The credit crunch provided the asset management community with a brutal reminder of the importance of having genuine knowledge of portfolio structures and the risks embedded within them. More so than ever, fund managers need a clear and consistent way of separating value from exposure in their portfolios, allowing a complete ?look-through? to the real risks contained in derivatives and pooled/structured products.
Simple portfolios no longer exist. And, as fund managers are driven to find risk-adjusted rather than just raw returns, it is imperative that the risk measures and the understanding derived from them are applied to the total portfolio, as opposed to just particular asset classes or sections. In Portfolio Representations, author Jem Tugwell, a specialist investment management consultant, provides practical and sophisticated insight into each asset type and how the different risks and exposures they involve should be combined and represented.
This book is not meant to be a detailed work on pricing mathematics; there are numerous good books out there already covering the detail of each pricing model for each asset type. Instead, pricing of each asset type is discussed only in general, using an example model to draw out the relevant risk factors. Uniquely, it looks at what the risk factors are for each asset type, how to calculate them and how to combine them in a portfolio view.
As portfolios cover global markets and multiple asset types, Portfolio Representations covers equity, fixed income, credit, inflation, and currency assets and their derivatives all in one book.
The writing style is straightforward, ensuring that the key points are fully understood.
The book is designed to be usable by a wide cross-section of readers. It should be of great use, for instance, to the heads of different business areas within an investment management organisation, who wish to assess the business implications of different portfolio representations. It should also be helpful for fund managers and their assistants interested in the practical and strategic impact of their decision-making; as well as business analysts and programmers.
Such fund managers, for instance, should be able to use the book to explain exactly what they want from programmers or business analysts, who will be able to use it to understand clearly what it is they are being briefed to create.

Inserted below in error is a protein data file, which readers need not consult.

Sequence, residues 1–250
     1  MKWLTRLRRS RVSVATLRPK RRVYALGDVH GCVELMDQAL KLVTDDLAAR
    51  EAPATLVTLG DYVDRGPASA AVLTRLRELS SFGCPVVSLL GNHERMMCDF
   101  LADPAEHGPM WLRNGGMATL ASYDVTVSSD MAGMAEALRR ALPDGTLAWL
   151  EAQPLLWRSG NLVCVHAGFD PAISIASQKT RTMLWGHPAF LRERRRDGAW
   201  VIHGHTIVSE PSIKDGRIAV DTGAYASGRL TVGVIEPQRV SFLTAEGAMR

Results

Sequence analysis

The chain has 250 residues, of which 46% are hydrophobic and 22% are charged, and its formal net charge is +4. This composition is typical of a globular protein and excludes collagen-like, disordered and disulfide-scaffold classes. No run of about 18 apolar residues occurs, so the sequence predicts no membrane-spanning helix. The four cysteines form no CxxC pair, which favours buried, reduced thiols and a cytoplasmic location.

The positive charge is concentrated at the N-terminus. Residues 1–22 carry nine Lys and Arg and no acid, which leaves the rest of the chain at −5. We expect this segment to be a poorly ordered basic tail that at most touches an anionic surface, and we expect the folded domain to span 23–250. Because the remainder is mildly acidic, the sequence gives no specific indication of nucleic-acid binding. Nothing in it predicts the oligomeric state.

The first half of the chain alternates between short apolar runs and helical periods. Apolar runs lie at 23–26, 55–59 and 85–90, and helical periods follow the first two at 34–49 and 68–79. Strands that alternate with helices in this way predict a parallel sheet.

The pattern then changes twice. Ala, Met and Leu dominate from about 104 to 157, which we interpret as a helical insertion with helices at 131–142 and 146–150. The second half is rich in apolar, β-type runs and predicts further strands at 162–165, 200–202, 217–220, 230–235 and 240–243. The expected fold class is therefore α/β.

The first chapter of the book provides an introduction to the representation of assets in a portfolio. This is an essential starting point for readers new to the area, and covers the aspects of a portfolio that are common across all asset types and strategies.
The book is then split into parts by broad asset type. Part 2 covers equities and their derivatives. This is followed by Part 3 on money markets and derivatives. After this it looks at fixed income, credit and inflation assets and derivatives. Currency management, a hugely important topic, is dealt with in the subsequent section on covering currency trade types and derivatives. The next section is devoted to fund-of-fund structures. And the final section deals with Cross-Asset-Type Issues.
It is worth highlighting that it is assumed that the reader is familiar with the basic terms and constructs used in the portfolio management industry, i.e. what a portfolio is, that a portfolio is made up of holdings in different assets/securities, that assets have prices and that assets in different currencies need to be converted to a single currency to calculate a total portfolio value.
Overall, Portfolio Representations is a carefully constructed, thorough and extremely readable guide to the sometimes complicated areas of asset management. Its easy-to-read style allows beginners to use the book as a learning guide, while the depth and detail of the coverage will enable practitioners to use it as a reference text.